Actually, the Bible says nothing about Goliath being "led by the hand". It only said the shield bearer was in front of him, which makes sense since shield bearers protect the person they are guarding from being shot by an archer, or a sling. Its pretty hard to protect someone when walking behind them. If Goliath had low vision or double vision the shield bearer would have warned Goliath. But there is no such warning by the shield bearer, because

  1. Goliath was not blind
  2. the chances of David making a successful hit were very slim
  3. Goliath had a spear and javelin he could throw, and he was much stronger
  4. The shield bearer was there to defend against such projectiles, and Goliath's armor could not be penetrated by a stone.

The text says: "...the Philistine looked and saw David." (1 Sam 17:42) So Goliath wasn't blind. The Hebrew word for "sticks" is not singular or plural. Hebrew doesn't work that way. Some English translations say "sticks", because that is how the sentence works best in English. French translations use the singular "stick". It's a figure of speech, not a sign Goliath was cross eyed and seeing double.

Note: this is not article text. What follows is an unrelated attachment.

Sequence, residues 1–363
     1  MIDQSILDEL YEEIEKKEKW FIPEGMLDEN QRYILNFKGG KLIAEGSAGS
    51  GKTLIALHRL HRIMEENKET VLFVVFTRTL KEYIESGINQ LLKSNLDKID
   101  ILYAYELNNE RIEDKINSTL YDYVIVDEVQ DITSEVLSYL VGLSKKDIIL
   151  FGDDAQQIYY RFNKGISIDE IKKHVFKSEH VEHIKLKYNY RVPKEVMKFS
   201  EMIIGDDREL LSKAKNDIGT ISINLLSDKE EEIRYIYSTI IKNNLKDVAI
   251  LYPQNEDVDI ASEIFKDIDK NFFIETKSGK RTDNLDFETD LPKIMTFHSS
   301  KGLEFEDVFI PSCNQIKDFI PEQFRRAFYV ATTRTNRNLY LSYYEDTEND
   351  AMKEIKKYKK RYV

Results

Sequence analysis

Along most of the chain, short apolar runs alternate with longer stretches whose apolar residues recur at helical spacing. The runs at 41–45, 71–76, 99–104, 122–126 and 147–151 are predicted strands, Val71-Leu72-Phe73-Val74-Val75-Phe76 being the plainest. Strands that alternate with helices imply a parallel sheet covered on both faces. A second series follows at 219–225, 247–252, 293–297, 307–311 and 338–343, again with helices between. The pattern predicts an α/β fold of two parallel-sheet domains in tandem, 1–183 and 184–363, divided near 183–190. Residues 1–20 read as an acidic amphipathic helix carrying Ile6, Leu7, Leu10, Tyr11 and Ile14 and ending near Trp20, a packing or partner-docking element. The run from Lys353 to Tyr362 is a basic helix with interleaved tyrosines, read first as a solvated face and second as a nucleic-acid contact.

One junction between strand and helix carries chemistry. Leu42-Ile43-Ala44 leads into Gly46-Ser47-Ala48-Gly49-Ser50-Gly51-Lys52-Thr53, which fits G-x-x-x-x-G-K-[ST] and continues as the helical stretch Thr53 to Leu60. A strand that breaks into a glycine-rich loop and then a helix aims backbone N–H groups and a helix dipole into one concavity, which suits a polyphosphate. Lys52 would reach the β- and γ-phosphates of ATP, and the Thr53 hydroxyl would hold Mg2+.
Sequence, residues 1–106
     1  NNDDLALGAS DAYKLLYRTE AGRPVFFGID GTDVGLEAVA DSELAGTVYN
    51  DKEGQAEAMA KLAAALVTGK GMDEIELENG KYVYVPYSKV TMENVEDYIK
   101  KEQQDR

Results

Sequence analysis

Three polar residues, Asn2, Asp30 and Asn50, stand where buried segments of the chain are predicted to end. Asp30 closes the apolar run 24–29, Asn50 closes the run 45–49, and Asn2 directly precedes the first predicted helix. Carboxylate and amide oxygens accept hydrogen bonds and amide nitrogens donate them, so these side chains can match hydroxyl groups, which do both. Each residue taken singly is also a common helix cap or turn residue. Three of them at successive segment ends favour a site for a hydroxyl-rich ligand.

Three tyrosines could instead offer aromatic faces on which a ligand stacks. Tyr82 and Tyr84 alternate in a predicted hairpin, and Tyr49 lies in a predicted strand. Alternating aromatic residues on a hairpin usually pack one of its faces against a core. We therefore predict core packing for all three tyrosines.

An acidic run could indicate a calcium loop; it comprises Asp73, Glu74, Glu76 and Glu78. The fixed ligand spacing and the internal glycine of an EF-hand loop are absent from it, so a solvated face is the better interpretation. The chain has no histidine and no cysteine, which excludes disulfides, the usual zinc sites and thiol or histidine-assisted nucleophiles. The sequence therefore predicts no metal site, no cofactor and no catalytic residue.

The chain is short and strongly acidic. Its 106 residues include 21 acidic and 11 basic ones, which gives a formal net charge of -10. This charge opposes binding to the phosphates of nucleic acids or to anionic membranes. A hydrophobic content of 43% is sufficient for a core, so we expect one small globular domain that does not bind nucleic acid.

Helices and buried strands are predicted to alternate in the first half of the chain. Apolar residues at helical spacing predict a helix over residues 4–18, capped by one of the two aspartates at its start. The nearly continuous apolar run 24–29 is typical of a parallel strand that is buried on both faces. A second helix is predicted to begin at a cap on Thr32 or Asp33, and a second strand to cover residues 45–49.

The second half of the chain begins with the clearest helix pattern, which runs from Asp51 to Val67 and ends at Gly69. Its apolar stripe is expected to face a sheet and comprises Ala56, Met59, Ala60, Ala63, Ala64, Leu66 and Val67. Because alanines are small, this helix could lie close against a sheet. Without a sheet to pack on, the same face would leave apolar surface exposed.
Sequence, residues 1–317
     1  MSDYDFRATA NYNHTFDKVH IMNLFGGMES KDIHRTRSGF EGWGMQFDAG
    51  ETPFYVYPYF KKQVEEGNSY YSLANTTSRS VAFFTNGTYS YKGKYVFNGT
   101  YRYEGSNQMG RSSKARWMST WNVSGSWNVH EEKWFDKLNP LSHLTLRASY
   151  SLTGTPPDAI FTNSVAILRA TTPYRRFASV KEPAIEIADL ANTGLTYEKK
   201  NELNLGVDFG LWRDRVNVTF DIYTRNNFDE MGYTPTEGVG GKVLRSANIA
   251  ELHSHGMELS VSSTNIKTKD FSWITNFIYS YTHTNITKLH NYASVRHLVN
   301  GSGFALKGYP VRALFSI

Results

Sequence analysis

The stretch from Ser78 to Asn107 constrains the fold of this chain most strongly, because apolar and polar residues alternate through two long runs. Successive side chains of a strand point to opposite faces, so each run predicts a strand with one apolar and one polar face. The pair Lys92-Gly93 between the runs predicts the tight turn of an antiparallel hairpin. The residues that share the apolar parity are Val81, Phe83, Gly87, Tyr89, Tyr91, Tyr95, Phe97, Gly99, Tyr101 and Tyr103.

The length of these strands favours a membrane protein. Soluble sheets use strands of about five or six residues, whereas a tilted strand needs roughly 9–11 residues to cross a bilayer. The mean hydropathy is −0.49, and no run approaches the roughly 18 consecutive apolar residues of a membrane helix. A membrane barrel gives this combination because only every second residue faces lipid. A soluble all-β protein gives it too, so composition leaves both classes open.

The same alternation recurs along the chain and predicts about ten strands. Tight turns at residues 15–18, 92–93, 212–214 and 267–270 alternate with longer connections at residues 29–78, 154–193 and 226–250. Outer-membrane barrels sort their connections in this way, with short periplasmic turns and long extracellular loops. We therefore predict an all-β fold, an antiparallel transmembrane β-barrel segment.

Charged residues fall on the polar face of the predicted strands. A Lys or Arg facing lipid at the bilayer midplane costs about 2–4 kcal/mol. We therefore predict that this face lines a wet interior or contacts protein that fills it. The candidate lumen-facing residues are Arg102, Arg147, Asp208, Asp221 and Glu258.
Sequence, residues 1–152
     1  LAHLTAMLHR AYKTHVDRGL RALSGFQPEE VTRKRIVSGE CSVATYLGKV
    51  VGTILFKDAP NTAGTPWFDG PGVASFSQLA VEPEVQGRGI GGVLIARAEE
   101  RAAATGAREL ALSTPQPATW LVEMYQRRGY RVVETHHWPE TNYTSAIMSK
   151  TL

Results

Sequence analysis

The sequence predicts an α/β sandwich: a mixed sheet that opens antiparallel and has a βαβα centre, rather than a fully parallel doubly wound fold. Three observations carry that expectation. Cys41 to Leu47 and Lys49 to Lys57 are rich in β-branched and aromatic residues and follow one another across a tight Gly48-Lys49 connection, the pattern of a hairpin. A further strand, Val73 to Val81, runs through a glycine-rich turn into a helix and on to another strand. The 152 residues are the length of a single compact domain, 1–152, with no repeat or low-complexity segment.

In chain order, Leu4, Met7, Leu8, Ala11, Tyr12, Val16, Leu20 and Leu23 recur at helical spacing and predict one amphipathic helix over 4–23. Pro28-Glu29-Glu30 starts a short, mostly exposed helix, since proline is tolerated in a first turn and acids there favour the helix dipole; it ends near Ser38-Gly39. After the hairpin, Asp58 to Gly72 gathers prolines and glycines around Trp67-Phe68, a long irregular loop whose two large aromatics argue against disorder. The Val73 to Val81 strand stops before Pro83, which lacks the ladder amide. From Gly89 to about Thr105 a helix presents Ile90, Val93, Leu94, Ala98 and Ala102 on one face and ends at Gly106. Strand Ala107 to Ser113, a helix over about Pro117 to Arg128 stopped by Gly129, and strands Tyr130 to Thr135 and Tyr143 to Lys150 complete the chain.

The phrase "come to me" is a follow up to the language of the original challenge. "Choose a man for yourselves, and let him come down to me." (1 Sam 17:8)

Neither of the two people with acromegaly/hyperplasia Malcolm presents, had vision trouble, Andre the Giant and Robert Wadlow. Eye trouble is not mentioned as a common symptom of acromegaly and hyperplasia.

There are currently no fighters in any professional fighting sport who have low vision. It's really hard to fight without vision.

We tried to find the 1960 Indiana Medical Journal article, and the "chain of speculation" that Mr. Gladwell discusses, but the only mention of it on the Internet is in references to Mr. Gladwell's Ted talk. Most of those references also refute Gladwell's thesis.

Was Goliath slow, spastic or lumbering

David is against a lumbering giant...the Bible makes special note of how Goliath moves.